Nature’s spectaculars – Days of summer – the Roe deer rut


For the last couple of years I have spent my summers in England’s southern counties following the annual Roe rut, criss-crossing Wiltshire, Hampshire and Dorset.

This ground is a stronghold for Britain’s original population of Roe deer as immortalised by Richard Prior in his book ‘The Roe Deer of Cranborne Chase’.

I’ve been very lucky to be given access to a number of private farms where crops including wheat, barley, oilseed rape and beans are harvested, providing some stunning backdrops against which to photograph the deer.


The Roe rut is very different from any of our other species of deer, coming between mid July and mid August each year. Contrary to conventional thinking, the precise timing of the rut is not set in stone though. A lot depends on weather patterns and changes in temperature, which I have learnt from experience, is critical and has a significant influence on rutting activity, either stimulating or depressing it. This also varies widely depending on locality.


 The rutting period is characterised by a general restlessness amongst the roe population with intense periods followed by lulls. After several months of pre rutting activity from May onwards, and a number of false starts, the rut begins in earnest as the does come into oestrous. It is pretty much the doe that dictates everything. When she is ready to mate she will take her stand.


The rut provides a wonderful opportunity for observing rutting behaviour and you will often see the bucks chasing or trotting after the does.

12Roe_deer_chasingIf you are really lucky you may even get to watch two bucks facing off against one another as they compete for territory and the right to mate.


Often you will find young experienced bucks moving about and encroaching on the territory of established bucks which can mean all out war.


Roe deer have incredibly sharp antlers and pumped up for the rut these encounters are often fights to the death.

I have to say working on Roe has been a huge challenge. The images you see here are the result of a lot of blood and sweat. The hardest I have worked on a project by some considerable margin, but perhaps all the more rewarding because of it. There is still a lot more to be done to tell the full story. I’m already looking forward to next year’s rut. I’ll shortly be announcing next year’s Roe Deer workshops. We are going to be changing it next year working on the basis of three day packages including bed and breakfast accommodation.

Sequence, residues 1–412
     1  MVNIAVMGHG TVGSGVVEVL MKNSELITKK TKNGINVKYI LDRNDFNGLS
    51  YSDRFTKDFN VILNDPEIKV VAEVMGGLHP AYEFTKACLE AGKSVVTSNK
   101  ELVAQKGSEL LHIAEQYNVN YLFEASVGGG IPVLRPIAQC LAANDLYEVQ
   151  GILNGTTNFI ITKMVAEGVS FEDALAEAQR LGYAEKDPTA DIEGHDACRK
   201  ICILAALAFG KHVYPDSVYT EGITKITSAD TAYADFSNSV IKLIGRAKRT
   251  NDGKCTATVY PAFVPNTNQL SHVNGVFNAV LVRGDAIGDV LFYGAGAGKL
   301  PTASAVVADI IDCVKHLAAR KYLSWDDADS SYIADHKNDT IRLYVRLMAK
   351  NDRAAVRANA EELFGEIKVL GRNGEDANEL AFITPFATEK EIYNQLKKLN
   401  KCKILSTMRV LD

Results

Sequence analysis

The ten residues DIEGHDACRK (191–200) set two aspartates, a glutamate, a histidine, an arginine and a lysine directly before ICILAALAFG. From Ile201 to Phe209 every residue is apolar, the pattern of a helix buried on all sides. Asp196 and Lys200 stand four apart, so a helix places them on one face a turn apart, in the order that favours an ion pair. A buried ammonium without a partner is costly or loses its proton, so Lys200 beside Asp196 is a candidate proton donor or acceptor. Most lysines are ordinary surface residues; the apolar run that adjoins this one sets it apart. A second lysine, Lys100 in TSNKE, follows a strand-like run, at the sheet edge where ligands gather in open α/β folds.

In the meantime, here are a few more of my favourite images from the last couple of summers. You’ll need to click on each image to see them at their intended resolution.













After the crop is cut it takes the deer a couple of days to work out the cover has gone…


I would like to thank my good friend Terry, for sharing his passion for Roe deer with me, teaching me the field raft needed to get close to them, sorting out access to the sites, not to mention his friendship. This blog is dedicated to you mate.


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International competition success


I am delighted to announce my signature image of an Arctic fox sheltering from the elements made the final selection in the Terrestrial Wildlife category of this year’s Big Picture Natural World international Photography Competition.

Winner: Shelter

I am all the more chuffed as my image appears alongside such luminaries as National Geographic’s Steve Winter and Jasper Doest. The judging panel for this year’s competition is equally impressive including Kathy Moran, editor of Natural History at National Geographic, Sandra Bartocha and Sophie Stafford.

The image was also the inspiration for my logo.

All the winning images will exhibited at the California Academy of Sciences until Nov 1st 2015

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Going home – a tribute


I was deeply saddened to learn today of the passing of Jill Barrow.

Jill’s image ‘Going Home’ received a Highly Commended in the Habitat section of last year’s British Wildlife Photography Awards.

Jill was a truly wonderful lady, who made a very deep and lasting impression on me. I first met her on a trip to photograph white tailed sea eagles trip in Flatanger, Norway several years ago.It remains one of my favourite trips, the eagles were stunning and the conditions were perfect. It was greatly enriched though by Jill’s warmth, friendship and humour, not to mention tremendous bravery in the face of  her degenerative medical condition. She was also a fine photographer with a wonderful eye. Jill knew that it was likely to be one of her last trips as her condition took hold. She made sure to make the most of every moment. My time with Jill on the trip had a tremendous impact on me  and I  kept in touch with Jill after the trip, getting to know her two wonderful children, Helen and Simon. at the same time.

Speaking to Helen today, I was tremendously touched to be told how highly she thought of me and how much I meant to her. The feeling was entirely mutual.